A singleton in iOS

Source: Internet
Author: User

How the singleton pattern is defined may not be exactly the same in different languages and in different books, but the general situation should be that there is only one instance of a class, and that it is provided to the system as a self-instantiation.

So, first you might want to make sure that you really need a singleton class, or simply an instantiation method that calls for convenience. If you really need a singleton class, then you should make sure that the Singleton class has and only one instance (you can only get to this instance for any operation).

Recently saw some of the singleton use on GitHub, other people's usage, have some thinking, and then write the demo test, there are some pits on this simple singleton, hoping to give others some reminders.

Objective-c in a single case

We typically implement a single case approach in OC:

static HLTestObject *instance = nil;+ (instancetype)sharedInstance{    static dispatch_once_t onceToken;    dispatch_once(&onceToken, ^{        instance = [[[self class] alloc] init];    });    return instance;}

But is that okay? I did the following tests:

HLTestObject *objct1 = [HLTestObject sharedInstance];NSLog(@"%@",objct1);HLTestObject *objc2 = [[HLTestObject alloc] init];NSLog(@"%@",objc2);HLTestObject *objc3 = [HLTestObject new];NSLog(@"%@",objc3);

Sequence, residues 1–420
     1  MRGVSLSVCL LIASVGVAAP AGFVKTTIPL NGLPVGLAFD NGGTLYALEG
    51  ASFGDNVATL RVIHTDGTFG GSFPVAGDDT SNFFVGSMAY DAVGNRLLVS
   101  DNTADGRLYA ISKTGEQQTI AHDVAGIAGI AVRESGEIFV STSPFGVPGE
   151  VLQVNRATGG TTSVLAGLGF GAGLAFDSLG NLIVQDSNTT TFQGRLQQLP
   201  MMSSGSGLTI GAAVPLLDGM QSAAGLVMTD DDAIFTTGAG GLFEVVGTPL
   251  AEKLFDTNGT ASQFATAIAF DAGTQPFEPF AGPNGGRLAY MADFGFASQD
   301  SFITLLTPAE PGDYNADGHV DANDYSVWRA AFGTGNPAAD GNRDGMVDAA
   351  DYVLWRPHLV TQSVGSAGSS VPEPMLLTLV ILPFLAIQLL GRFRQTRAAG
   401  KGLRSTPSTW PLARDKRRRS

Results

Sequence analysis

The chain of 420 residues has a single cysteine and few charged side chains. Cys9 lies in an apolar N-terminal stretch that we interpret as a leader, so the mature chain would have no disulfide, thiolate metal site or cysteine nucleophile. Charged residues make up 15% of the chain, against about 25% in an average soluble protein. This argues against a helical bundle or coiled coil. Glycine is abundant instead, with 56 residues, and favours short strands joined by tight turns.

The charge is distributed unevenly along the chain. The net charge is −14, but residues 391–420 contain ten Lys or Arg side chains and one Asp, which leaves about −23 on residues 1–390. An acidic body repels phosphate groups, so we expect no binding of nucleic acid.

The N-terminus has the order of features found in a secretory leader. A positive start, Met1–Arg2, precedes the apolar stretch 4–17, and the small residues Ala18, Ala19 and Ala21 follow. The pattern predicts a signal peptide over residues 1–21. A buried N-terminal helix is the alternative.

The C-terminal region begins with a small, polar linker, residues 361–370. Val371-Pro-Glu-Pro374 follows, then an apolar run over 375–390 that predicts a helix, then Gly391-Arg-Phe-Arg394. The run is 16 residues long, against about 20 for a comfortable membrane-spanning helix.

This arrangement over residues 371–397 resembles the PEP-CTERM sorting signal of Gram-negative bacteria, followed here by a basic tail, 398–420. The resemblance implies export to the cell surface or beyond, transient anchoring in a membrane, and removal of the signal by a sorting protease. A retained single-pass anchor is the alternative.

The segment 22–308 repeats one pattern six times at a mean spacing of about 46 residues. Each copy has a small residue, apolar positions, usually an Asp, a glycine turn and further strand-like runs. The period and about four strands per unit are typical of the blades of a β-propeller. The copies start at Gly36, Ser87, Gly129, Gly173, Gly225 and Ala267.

See this test, do you want to print the results? The result is this:

2016-05-23 12:52:57.095 PractiseProject[3579:81998]            2016-05-23 12:52:57.095 PractiseProject[3579:81998]             2016-05-23 12:52:57.095 PractiseProject[3579:81998]             

Obviously, there are different instance objects created in three ways, which violates the definition of a singleton class with only one instance.

To prevent others from accidentally using Alloc/init to create an example, and to prevent others from deliberately doing it, we want to make sure that no matter how it is created can only be the same instance object, it is necessary to rewrite another method, implemented as follows:

+ (instancetype)allocWithZone:(struct _NSZone *)zone{    static dispatch_once_t onceToken;    dispatch_once(&onceToken, ^{        instance = [super allocWithZone:zone];    });    return instance;}

Again with the test code above, the result is this:

2016-05-23 12:57:37.396 PractiseProject[3618:83975]            2016-05-23 12:57:37.396 PractiseProject[3618:83975]             2016-05-23 12:57:37.396 PractiseProject[3618:83975]             

It seems that the same object is obtained with different construction methods, do you think it's over? It's still early!

In general our class will definitely have some properties, then I added two properties:

@property (assign, nonatomic)   int  height;@property (strong, nonatomic)   NSObject  *object;@property (strong, nonatomic)   NSMutableArray  *arrayM;